Saturday, 10 August 2013

The Insurrection of 10th August

We're back in France to look at the events of 10th August 1792, a day that rings through history. We've met revolutionaries,  been present at the fall of the Bastille and seen the leaders go to the guillotine and today we'll see a king imprisoned and hear the tale of a brutal massacre at the Tuileries Palace.


Painting of Prise du Palais des Tuileries by Jean Duplessis-Bertaux, 1793
Prise du Palais des Tuileries by Jean Duplessis-Bertaux, 1793

By summer 1792, France was a nation in turmoil; embroiled in the Revolutionary Wars,  Louis XVI was prevaricating with regard to his cabinet and had abandoned the Girondists in favour of a staunchly monarchist Feuillant cabinet. This decision was to prove badly misjudged as the people of Paris regarded their king to be wildly out of touch with the wishes of the populace and he further aroused their ire by vetoing a number of Legislative Assembly decisions. 


Portrait of Louis XVI by Antoine-François Callet , 1789
Louis XVI by Antoine-François Callet , 1789

The Assembly itself was at a dead end, caught in a series of endless discussions about the deteriorating situation in France and how to deal with the seemingly immovable monarch. As the politicians debated, the people grew restless and on 9th August the situation boiled over as a revolutionary Commune with Georges Danton at its head took control of the Hôtel de Ville and a mob gathered at the Tuileries. As the night drew on they were joined by revolutionary militias and the National Guard, this drastic solution fully supported by a new municipal Parisian government that was to be known as the “insurrectionary” Paris Commune.

As dawn broke Louis inspected his troops and found himself faced with a mixture of loyal support and utter contempt as members of his forces heckled him with revolutionary comments. As he retreated back to the palace a number of battalions turned their guns on Tuileries, where the loyal Swiss Guard stood ready to defend the King. Within hours thousands of insurgents arrived at the Tuileries and though the Assembly appealed for calm, the crowd were in no mood to be placated, nor to let politicians enter into further debate with the monarch. 


Painting of the Mob at the Tuileries by Henri-Paul Motte, 1892
the Mob at the Tuileries by Henri-Paul Motte, 1892

As the royal family and loyal ministers gathered within the walls of the palace the situation seemed dire, their only hope of safety offered by the promise of refuge in the National Assembly.  Faced with the fury of the mob and flanked by columns of troops, the fearful procession made its journey to what Louis and Marie Antoinette must have prayed was sanctuary. Following their departure the crowd finally swarmed into the palace, where they were fired on by the Swiss Guard. Vastly outnumbered, the Swiss Guard were massacred by the mob along with other members of the royal household and court who had found themselves unable to escape before the fighting began.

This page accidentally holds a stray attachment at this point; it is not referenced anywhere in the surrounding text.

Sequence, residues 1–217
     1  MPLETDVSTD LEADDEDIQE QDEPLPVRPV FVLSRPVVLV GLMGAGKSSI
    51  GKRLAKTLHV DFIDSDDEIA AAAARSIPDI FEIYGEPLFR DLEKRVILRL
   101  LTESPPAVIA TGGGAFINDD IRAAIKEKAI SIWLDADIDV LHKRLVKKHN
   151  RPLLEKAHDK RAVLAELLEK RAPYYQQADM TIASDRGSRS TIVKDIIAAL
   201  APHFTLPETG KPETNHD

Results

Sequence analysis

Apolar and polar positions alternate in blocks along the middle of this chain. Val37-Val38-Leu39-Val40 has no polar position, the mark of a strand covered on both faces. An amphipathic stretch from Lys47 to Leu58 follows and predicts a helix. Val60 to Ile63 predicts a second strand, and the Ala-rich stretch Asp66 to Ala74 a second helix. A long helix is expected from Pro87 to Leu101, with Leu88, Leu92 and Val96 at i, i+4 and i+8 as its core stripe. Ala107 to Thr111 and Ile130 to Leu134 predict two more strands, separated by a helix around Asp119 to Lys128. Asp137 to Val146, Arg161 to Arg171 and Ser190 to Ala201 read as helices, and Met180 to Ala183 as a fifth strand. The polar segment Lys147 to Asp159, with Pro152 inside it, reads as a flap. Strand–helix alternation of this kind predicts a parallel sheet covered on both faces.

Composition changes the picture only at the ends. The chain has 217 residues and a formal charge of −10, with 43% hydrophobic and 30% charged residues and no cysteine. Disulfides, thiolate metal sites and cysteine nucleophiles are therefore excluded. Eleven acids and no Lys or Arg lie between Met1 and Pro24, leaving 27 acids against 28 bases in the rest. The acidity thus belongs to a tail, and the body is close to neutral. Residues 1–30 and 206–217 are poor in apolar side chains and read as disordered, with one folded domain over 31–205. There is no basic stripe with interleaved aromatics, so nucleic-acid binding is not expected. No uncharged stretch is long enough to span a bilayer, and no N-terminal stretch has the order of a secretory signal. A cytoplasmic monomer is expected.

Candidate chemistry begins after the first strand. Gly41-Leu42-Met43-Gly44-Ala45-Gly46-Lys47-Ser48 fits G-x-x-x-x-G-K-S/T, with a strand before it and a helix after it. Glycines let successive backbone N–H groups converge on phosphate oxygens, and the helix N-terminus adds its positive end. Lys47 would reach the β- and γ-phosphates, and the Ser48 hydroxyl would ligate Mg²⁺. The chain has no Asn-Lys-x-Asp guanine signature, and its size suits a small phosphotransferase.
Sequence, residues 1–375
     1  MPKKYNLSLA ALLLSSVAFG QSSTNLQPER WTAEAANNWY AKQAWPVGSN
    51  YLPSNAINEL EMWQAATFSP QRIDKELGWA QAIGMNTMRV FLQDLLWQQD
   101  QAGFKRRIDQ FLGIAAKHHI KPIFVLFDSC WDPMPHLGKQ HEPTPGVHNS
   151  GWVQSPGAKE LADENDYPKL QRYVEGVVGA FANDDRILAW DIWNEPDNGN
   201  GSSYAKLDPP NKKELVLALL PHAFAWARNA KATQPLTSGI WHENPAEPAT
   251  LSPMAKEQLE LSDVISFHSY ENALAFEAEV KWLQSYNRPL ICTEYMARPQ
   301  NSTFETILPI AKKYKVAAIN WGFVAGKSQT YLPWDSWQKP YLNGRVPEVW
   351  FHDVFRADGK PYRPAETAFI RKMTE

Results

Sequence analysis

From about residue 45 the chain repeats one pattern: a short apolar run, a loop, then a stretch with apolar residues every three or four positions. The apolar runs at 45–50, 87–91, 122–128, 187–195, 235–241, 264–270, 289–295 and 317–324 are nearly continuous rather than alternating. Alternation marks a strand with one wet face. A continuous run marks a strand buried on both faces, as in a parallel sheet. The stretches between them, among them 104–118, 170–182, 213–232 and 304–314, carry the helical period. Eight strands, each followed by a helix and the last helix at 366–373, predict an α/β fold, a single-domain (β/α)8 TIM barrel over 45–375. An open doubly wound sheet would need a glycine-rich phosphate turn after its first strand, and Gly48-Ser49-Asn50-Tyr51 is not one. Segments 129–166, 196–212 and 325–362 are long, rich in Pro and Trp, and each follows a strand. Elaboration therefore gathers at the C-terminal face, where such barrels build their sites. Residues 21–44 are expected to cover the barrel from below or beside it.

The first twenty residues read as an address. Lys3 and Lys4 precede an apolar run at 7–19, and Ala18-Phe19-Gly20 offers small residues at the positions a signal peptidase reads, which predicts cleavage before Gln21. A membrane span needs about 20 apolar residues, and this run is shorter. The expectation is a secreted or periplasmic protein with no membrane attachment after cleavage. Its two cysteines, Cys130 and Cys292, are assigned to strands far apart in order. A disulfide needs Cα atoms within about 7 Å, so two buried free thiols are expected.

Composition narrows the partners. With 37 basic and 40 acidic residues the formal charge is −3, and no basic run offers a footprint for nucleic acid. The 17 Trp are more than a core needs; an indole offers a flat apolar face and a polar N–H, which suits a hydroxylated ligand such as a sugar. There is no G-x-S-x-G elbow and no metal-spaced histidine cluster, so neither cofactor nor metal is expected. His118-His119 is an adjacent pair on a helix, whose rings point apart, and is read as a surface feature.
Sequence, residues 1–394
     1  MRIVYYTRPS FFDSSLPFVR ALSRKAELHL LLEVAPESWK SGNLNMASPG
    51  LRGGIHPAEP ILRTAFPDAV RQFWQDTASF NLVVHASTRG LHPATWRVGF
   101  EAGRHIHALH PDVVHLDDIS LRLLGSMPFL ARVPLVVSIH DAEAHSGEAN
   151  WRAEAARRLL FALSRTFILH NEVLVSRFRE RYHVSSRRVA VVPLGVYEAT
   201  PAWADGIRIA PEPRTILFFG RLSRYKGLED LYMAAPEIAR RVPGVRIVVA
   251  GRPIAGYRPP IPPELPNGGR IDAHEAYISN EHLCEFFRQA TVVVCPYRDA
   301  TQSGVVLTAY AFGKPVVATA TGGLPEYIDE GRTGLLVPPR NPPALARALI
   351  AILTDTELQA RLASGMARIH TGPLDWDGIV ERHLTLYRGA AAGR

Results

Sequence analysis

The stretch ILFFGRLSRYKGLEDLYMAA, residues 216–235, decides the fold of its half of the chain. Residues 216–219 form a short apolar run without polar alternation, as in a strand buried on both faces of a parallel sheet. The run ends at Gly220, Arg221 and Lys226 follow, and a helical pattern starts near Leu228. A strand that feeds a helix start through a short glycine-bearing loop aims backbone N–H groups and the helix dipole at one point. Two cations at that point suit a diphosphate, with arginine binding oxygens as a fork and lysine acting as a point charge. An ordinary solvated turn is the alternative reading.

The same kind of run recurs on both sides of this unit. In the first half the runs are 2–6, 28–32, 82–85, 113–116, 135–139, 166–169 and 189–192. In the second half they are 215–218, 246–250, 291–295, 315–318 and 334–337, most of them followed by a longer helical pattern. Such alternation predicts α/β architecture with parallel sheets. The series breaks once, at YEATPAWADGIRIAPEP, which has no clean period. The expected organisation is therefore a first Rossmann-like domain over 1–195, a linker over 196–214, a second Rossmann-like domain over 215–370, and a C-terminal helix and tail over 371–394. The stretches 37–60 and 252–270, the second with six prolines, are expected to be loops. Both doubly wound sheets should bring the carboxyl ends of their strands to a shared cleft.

Photograph of the memorial in the Catacombs of Paris, where many victims of the massacre are buried
Memorial in the Catacombs of Paris, where many victims of the massacre are buried

Buoyed by this victory, the insurgents followed the fleeing family to the Assembly; upon their arrival the King was sent to the Temple, supposedly for his own protection. Following this bloody night the city descended into chaos and six months later, King Louis XVI was dead, France set firmly on the road to the Reign of Terror.

Photograph of The Lion Monument to the Swiss Guard
The Lion Monument to the Swiss Guard
Life in the Georgian Court, true tales of 18th century royalty, is available at the links below.


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15 comments:

Budget Marie Antoinette said...

It's truly a terrifying and tragic few years of history.

Madame Gilflurt said...

It must have even utterly terrifying and heartbreaking to love through.

Julian Rixon said...

"The Assembly itself was at a dead end, caught in a series of endless discussions about the deteriorating situation in France and how to deal with the seemingly immovable monarch." If you replace the word "monarch" with the word "Taoiseach" then you could be talking about Ireland today! Though this does sound bloody terrifying!

Judith Starkston said...

I like your vivid portrayal of this key moment. You put us in the royal couple's minds.

Madame Gilflurt said...

A friend made the same comment!

Madame Gilflurt said...

Thank you; one can only imagine the terror they felt that night.

Princess of Eboli said...

Very good and interesting post!!!!! Thanks for the info!!!!!

Madame Gilflurt said...

Thank you!

Darin Lewis said...

Your reads are superb, you should be on the telly Madame, BBC4 and such like.

Madame Gilflurt said...

*Bobs a curtsey of thanks*

Margaret Chrisawn said...

I'm much more comfortable being in the minds of the Parisians who, like multitudes of other French men and women, had just had enough of the out of touch L16 and Antoinette. So I am celebrating today, the 10th of August, with some nice champagne and a fervent toast to the end of the monarchy in France--at least until the obese and ridiculous L18 waddles back onto the throne in 1814, and again in 1815..

Madame Gilflurt said...

I misread that as *some* fervent toast, which put an entirely different spin on it. Salut!

Leonard smith said...

Or to live through .

On the other paw , George Rude ( French keyboard accents dead ) is brought to mind since he nailed this time into my head such that it is unforgettable.

Sarah said...

Fascinating, thank you, could smell the gunpowder and hear the shots and the screaming of the mob and of the injured

Catherine Curzon said...

Thank you!